The first case of estrogenic activity dates back to the 1940's. It was documented as a clover disease in sheep. Australian ewes grazing on red clover rich pastures suffered from a severe reproductive disorder that resulted in high rates of infertility, abortion, and reproductive abnormalities in their offspring. It was reported by Bennetts et al. and attributed to an estrogen or its precursor. Later researchers linked the cause of infertility to isoflavones genistein and daidzein and their precursor's biochanin A and formononetin as components of the clover. Millington et al. reported that the formononetin content, not the biochaninA or genistein content, was positively correlated with the estrogenicity of the clover. Further research led to the identification of equol in the urine of sheep. Equol was responsible for the estrogenic effects observed in sheep . A second case was observed in 1985 in the North American zoos. And this time it was a group of captive cheetah population. Light microscopy of liver tissues showed a vascular lesion that was characterized by partial or total occlusion of the centrilobular and sublobular hepatic veins with loosely arranged to dense fibrous connective tissues. The normal diet consisted of a commercially prepared feline diet and the ingredients included were horse meat, horse meat by-products, soybean product, bone meal, liver, fish meal, and a variety of vitamins and trace minerals. Surprisingly, captive cheetah population at the DeWildt Cheetah Research and Breeding Centre in South Africa did not show clinical sign of liver damage.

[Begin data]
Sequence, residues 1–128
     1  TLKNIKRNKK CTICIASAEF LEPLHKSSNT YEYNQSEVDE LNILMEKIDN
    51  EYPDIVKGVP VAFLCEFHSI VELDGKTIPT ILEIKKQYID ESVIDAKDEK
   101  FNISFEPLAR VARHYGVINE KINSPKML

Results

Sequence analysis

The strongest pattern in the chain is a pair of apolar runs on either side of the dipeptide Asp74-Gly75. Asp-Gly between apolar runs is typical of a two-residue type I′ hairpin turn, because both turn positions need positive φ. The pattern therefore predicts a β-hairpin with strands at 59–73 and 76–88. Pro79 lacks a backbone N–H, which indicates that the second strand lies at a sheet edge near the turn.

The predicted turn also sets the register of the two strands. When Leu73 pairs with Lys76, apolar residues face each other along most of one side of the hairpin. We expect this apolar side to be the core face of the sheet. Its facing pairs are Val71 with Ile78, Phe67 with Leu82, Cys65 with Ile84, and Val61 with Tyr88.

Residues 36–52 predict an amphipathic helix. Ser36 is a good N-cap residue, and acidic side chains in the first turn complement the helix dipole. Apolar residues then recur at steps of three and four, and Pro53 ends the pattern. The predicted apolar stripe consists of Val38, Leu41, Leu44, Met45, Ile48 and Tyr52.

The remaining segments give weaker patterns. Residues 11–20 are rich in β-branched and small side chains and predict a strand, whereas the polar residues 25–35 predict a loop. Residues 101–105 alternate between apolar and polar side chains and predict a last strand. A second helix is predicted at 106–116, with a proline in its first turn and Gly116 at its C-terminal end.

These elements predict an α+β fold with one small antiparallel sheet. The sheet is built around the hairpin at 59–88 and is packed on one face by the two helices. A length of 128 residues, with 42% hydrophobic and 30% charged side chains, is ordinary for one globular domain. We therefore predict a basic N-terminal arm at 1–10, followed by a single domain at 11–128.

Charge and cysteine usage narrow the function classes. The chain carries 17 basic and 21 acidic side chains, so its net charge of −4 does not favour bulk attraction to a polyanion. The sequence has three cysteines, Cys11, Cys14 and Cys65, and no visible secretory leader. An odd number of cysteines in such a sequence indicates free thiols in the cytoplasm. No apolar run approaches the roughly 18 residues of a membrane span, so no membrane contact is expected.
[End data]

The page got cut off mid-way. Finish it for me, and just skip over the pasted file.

A major difference between the North American and DeWildt captive cheetah populations was diet. Analysis of the commercial feline diet by HPLC and GC- chromatography revealed large amount of two phytoestrogens daidzein and genistein. Affected group of cheetahs were consuming ~ 50mg/day of these weak estrogens. The plasma concentration of genistein in rats fed by a diet including 750|ig/g genistein was 2.2 micromole/L (conjugated plus free) and this concentration was sufficient to elicit estrogenic effects in ovariectomized rodents. Consumption of a standard phytoestrogen-containing diet (210|ig/g) also elicited a high estrogenic response in the uterus of immature rats. Male fetuses have adverse effects on testis function during development of these chemicals but results are contrasting and difficult to interpret [11,12].
Since estrogen receptors are found throughout male reproductive organs and phytoestrogens show a tendency to bind and elicit signaling, we can make an approach to use some of them as male contraceptives. For this, we can target estrogen receptor, androgen binding protein, seminal vesicles and most but not least important structure the epididymis. If we succeed to find out a way to stop the maturation of sperm in the epididymis for transient period of time then definitely it will open a new method for male contraception of phytoestrogens origin.